Science, medicine: Restrained New world

Breast cancer drugs hold out hope -- but not certainty

By Steven Milloy
Copyright 1998 Philadelphia Inquirer
May 23, 1998

The news on women's health seems promising. Tamoxifen reduced the risk of breast cancer by 50 percent in a recent clinical trial. News reports say the new osteoporosis drug, raloxifene, reduces the risk of breast cancer and heart disease. Good news, right? Let's hope. In the meantime, don't bet your life on it.

Even if tamoxifen really can prevent breast cancer as touted, this news has little value to the average woman.

Let's say out of every 1,000 women, about 30 get breast cancer. Which 30 will get breast cancer? No one knows. Breast cancer can't be predicted with anything close to certainty, even in women with well-established risk factors. Assuming tamoxifen reduces breast cancer incidence by 50 percent, only about 15 women will develop breast cancer. Which 15? Once again, no one knows. So all 1,000 women must remain vigilant. Tamoxifen is not a vaccine.

In mid-April came raloxifene. The Food and Drug Administration approved it last December as a drug to prevent osteoporosis in women. But it has also been marketed as a safer'' alternative to estrogen-based hormone replacement therapy (HRT) in menopausal women.

HRT indeed has been used successfully for 55 years to ease menopausal symptoms such as hot flashes and to prevent and treat bone loss. And it may possibly also have beneficial side effects, including reducing the risk of heart disease and aiding in the prevention of Alzheimer's disease.

But there is much controversy with regard to HRT and breast-cancer risk. In some studies, risk increased; others show no increase or even a decrease in breast cancer. Yet raloxifene has been marketed as an anti-estrogen'' - implying that it provides the benefits with none of the risks. This pitch got a lift in mid-April when news reports claimed that, in a clinical trial, raloxifene was even more effective in reducing breast-cancer risk than tamoxifen, cutting breast-cancer incidence in the trial by 70 percent.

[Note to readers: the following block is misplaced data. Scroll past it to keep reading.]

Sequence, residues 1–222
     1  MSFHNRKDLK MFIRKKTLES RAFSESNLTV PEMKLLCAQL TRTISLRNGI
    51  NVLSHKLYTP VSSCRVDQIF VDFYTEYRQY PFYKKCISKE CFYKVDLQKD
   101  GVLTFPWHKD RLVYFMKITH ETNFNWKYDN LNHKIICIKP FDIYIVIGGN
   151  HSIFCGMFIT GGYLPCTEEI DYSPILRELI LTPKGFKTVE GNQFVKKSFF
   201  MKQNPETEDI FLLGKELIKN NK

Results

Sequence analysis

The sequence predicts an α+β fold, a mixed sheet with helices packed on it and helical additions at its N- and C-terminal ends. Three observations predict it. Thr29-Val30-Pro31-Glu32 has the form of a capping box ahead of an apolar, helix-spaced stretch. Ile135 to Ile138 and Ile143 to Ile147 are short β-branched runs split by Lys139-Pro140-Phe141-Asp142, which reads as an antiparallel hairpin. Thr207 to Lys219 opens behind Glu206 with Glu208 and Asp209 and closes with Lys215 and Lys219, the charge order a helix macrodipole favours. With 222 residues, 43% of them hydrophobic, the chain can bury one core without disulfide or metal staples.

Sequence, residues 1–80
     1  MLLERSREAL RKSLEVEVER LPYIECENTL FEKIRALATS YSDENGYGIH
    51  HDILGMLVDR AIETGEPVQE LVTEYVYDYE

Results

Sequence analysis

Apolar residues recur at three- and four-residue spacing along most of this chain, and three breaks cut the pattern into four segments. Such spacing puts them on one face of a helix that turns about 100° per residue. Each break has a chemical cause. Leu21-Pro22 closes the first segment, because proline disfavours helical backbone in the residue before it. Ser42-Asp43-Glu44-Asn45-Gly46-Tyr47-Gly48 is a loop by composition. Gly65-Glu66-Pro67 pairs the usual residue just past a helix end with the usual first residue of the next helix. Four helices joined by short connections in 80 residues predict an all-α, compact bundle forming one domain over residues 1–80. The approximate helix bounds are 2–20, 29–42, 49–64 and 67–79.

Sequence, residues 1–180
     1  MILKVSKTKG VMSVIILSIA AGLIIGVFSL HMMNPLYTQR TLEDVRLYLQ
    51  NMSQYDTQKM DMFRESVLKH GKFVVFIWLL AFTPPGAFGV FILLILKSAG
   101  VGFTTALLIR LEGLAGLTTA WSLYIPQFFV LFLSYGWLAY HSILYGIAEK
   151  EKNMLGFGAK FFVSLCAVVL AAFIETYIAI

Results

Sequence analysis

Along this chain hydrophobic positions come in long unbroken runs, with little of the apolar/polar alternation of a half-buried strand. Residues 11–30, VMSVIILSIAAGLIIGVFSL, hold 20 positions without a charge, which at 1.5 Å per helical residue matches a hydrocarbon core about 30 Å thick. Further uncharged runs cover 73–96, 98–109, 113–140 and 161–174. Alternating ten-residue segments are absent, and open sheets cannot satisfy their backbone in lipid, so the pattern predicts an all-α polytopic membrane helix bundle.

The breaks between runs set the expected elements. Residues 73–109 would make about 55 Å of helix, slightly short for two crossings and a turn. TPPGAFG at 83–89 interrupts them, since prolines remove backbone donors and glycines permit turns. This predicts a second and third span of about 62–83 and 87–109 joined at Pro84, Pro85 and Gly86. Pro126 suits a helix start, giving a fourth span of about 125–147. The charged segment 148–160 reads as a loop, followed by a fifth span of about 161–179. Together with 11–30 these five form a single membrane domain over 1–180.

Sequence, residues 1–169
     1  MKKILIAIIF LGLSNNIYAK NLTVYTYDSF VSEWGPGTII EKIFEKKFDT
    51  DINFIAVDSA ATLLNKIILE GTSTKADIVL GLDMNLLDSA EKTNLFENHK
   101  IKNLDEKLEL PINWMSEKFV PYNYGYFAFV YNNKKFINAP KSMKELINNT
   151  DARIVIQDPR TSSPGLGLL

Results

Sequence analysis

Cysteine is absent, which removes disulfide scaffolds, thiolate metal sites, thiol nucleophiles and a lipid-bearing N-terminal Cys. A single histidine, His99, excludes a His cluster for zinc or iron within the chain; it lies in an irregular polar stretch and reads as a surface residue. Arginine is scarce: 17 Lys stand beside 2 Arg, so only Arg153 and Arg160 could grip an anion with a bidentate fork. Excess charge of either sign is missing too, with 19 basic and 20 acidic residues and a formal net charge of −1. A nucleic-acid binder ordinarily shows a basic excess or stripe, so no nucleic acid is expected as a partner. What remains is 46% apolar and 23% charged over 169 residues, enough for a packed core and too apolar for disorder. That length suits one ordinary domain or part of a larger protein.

But as with tamoxifen, a woman taking raloxifene can have no peace of mind concerning breast-cancer risk. Contrary to the hype, raloxifene is not a vaccine either.

Recently, on NBC Nightly News, senior science correspondent Robert Bazell reported a study showing that raloxifene lowered LDL, the bad cholesterol, by 12 percent and thus reduce(d) a woman's chances of heart disease.'' Only partly correct. The study did report that raloxifene favorably alters markers of cardiovascular risk'' by decreasing LDL. But the authors also concluded that further clinical trials are necessary to determine whether these favorable biochemical effects are associated with protection against cardiovascular disease.''

This sentiment was echoed in an accompanying Journal of the American Medical Association editorial, in which Basil M. Rifkind and Jacques E. Roussow wrote that the uncertainties about the cardioprotective effect of estrogens apply doubly to raloxifene.''

Heart disease and breast cancer are responsible for about 30 percent and 4 percent, respectively, of women's deaths annually. Though breast cancer is not preventable, more than 90 percent of breast cancers can be treated successfully if detected early. So it makes sense for women to have regular checkups for breast cancer.

But relying now on the as-yet-unfulfilled hope of breast cancer vaccines'' is risky. The best way to reduce the risk of heart disease currently is to eat right, exercise and avoid smoking. Don't be misled by the good'' news of miracle drugs that aren't.

Steven Milloy is executive director of The Advancement of Sound Science Coalition.

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